What Have We Learned From Living Together?

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The Divorce Dilemma

Some marriage advocates -- not to mention clergy of various denominations -- see the dramatic increase in cohabitation as a disaster. David Popenoe, PhD, and Barbara Dafoe Whitehead, PhD, of the National Marriage Project at Rutgers University in Piscataway, New Jersey, suggest that living together not only results in an inferior relationship, but can help doom a later marriage. They point to a 1992 study of 3,300 couples, which found that those who married after living together were 46 percent more likely to divorce.

Studies published in the Journal of Family Issues in 1995 and in the Journal of Marriage and the Family in 1996 found that couples living together are less satisfied with their relationship and less likely to be monogamous than those who are married. And a 1997 Pennsylvania State University study found that cohabiting between the ages of 18 and 23 made young men and women more accepting of divorce -- and less enthusiastic about getting married and having children.

Other researchers caution against a simplistic interpretation of these findings. "Cohabitation is associated with higher rates of divorce, but there's no proof that these marriages would have worked if the same couples hadn't lived together first," says Dr. Bumpass. Instead, as he and Dr. Smock point out, a number of factors come into play:

  • Couples who live together before marriage are more likely to be socially liberal and accepting of divorce, while those who don't may be more religious and inclined to stay together no matter what.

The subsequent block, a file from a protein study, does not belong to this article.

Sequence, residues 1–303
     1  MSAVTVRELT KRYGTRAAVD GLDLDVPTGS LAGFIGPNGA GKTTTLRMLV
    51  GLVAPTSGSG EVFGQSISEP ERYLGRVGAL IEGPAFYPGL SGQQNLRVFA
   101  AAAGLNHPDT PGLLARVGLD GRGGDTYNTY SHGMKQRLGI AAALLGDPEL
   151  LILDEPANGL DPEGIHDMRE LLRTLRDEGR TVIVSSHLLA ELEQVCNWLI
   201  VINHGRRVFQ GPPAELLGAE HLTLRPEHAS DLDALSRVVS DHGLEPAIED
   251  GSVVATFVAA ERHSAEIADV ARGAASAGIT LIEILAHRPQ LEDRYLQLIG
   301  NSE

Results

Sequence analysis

• Some couples who move in together aren't ready to commit to marriage because their relationship is already troubled. (Interestingly, another study done at Penn State in 1999 found that couples who moved in together after they'd made definite plans to marry went on to have marriages every bit as solid and satisfying as those who hadn't lived together until after the wedding.)

Cohabitation may make young people less inclined towards marriage, as the 1997 study found, but these findings have yet to be replicated. And the fact that so many different types of people live together, from the less-affluent to the upscale, makes it hard to use divorce data to draw conclusions that apply to all. "One of the most powerful observations you can make about living together and divorce is that if they were associated in the way some studies suggest they are, the divorce rate would have risen over the last 20 years as cohabitation became more common," says Dr. Bumpass. "It hasn't." (The divorce rate has hovered at around 50 percent since 1980.)

Continued on page 4:  Risks of Sharing a Roof


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